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Holiday love

December 14, 2018 2 min read

Holiday love


At what age does Christmas shift in our minds from a time of unblemished joy and excitement to bittersweet nostalgia? For me, it was probably around age 11; at least, it’s the memories up to that age that have, for decades since, comprised the poignant metaphysical universe I tend to inhabit for much of December.

I grew up in Montreal where I spent hours building sprawling underground fortresses in the snow, a la Calvin and Hobbes; back then, both time and snow were available in seemingly infinite quantities. As the holidays approached, I likewise wholeheartedly dove into the typical seasonal rituals we’re generally capable of buying into for a precious small slice of our lives: penning a letter to Santa; anticipating the angles and lumps of a present-filled stocking on the mantle; marveling at the beauty of sparkling tinsel on the tree — the rustling metallic strips mirroring the pre-dawn TV static that hypnotized me while I waited for my family to wake up on Christmas morning.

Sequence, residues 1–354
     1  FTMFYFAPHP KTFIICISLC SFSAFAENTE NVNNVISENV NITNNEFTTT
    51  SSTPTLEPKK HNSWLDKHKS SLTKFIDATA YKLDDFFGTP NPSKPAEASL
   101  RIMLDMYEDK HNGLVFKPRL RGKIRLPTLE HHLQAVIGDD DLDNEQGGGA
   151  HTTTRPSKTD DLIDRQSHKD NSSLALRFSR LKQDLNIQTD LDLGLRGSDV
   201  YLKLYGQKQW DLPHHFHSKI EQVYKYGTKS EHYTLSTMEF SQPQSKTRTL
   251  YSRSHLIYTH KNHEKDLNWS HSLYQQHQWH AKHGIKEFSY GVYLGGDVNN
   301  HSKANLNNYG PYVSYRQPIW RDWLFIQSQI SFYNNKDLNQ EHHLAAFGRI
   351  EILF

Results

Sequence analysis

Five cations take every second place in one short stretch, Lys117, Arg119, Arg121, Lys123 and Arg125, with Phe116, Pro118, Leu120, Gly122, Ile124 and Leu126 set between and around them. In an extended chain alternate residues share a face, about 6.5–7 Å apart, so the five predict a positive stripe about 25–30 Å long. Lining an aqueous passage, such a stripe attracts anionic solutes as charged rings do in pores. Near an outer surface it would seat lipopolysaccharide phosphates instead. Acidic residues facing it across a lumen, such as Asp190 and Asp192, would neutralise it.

I loved how my late uncle Rudy invariably wrapped our presents in the Sunday comics; I loved my mom’s insatiable appetite for Elvis’ Christmas Album; I loved the way the world slowed down so my family could be together for hours on end. (The only negative feeling I recall from that time is of my own creation: I snuck a peek in my parent’s closet and found a Weebles Camper intended for me — an indiscretion that turned delight to guilt and regret in an instant.)

These days, I allow myself a little seasonal melancholy, often accompanied by Elvis or Vince Guaraldi. Still, I’m happy to my core watching my daughter cultivate her own holiday rituals. And I find enormous joy in my deeply diverse world of friends, our staff and, often, our customers, who so keenly and generously share their own traditions, beliefs, gifts, food and seasonal childhood memories with Danielle and me.

Beyond staying out of your parents’ closet, the one bit of unsolicited advice I can offer at this time of year is this: Don’t be afraid to ask people what holidays they celebrate and what meaningful rituals they loved, and still love, the most. Their answers will tell you almost everything you need to know.

Happy holidays,


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